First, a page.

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Keeping The Legend alive

By David Hennessy

The definitive Luke Kelly tribute act is on it’s way to the Irish Cultural Centre in Hammersmith.

Chris Kavanagh, the man behind the Legend of Luke Kelly show, told The Irish World: “It’s long overdue.

“The last time we were to play there was when COVID first started back in March of 2020 so we had to cancel the gig. So we’ve been looking forward to getting back over.

“We were there six months before that, long before the trouble started.

“It was a fantastic night with lovely people.

“The Irish in London certainly love singing along and getting involved. They’re a great bunch of people.

“And I remember after the show the last time, we stayed awake half the night having a session down the road in a little pub. It was fantastic.

“We were dying to get back, so delighted to be returning.”

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Having started in 2001, Chris has now been performing his special tribute show for two whole decades. How does that feel? “It’s fantastic. The band is as strong as ever.

“Luke’s music will be living on through the next 20 million generations.

“I don’t think it’s music that’s going to go away and I’ve noticed there’s a lot of other bands kind of starting to take up the music.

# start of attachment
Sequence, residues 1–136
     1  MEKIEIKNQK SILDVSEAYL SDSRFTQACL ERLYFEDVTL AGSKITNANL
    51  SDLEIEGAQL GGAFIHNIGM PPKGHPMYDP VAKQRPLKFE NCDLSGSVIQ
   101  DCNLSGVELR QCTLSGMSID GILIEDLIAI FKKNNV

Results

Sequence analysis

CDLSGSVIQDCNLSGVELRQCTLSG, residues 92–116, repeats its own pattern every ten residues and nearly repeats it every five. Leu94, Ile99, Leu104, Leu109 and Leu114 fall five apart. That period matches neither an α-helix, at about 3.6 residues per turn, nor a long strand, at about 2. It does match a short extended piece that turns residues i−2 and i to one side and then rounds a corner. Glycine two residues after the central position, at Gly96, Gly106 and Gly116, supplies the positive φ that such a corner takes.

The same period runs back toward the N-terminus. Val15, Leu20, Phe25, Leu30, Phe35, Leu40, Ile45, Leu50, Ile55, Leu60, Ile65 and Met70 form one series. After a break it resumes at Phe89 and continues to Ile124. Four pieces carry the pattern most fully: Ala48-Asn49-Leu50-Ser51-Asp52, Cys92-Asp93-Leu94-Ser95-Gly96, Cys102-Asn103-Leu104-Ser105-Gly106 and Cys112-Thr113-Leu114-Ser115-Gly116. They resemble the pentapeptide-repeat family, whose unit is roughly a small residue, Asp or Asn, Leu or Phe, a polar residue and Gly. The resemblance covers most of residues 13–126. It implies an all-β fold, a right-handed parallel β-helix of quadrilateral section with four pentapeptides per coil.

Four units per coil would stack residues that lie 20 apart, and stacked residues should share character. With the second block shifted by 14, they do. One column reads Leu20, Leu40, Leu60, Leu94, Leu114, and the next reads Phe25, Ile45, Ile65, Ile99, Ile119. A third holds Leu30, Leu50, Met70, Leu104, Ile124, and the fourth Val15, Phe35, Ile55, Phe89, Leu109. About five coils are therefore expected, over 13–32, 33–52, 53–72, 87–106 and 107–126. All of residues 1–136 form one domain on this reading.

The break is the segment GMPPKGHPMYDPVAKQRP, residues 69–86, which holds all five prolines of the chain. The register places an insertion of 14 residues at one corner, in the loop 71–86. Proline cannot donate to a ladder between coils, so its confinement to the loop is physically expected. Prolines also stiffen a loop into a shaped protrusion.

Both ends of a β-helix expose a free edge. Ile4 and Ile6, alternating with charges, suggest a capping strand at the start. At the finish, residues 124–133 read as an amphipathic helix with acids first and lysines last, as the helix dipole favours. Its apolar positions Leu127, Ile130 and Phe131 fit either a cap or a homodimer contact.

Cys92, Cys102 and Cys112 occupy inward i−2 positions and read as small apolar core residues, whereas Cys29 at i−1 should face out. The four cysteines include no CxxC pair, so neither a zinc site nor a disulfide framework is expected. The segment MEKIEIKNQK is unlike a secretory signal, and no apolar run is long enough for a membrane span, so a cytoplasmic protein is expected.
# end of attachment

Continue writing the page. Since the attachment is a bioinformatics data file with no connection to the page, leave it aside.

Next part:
“There’s a show in England called Seven Drunken Nights.

“And there’s another one in Dublin doing a tribute to the Dubliners.

“The music will definitely, certainly live on.”

When Chris Kavanagh started his tribute to the late Dubliners singer Luke Kelly in 2001, he could not have expected it would lead to him playing Dublin’s iconic venues of Vicar Street and the Olympia, touring with John Sheahan and the Dubliners and as far as Australia. His performance also gets the endorsement of Luke’s own family.

“It’s one surprise after another.  I felt like I won the musical lottery when John (Sheahan) asked me to go on tour with the Dubliners. We played for two weeks in Germany. Luke, in Germany, is a major icon, the German people absolutely adore him.

Chris joined The Dubliners on tour in 2011. Left to right: Eamonn Campbell, John Sheahan, Sean Cannon, Barney McKenna and Chris.

“And unfortunately then a few months later, poor Barney died and three years ago poor Eamonn Campbell died.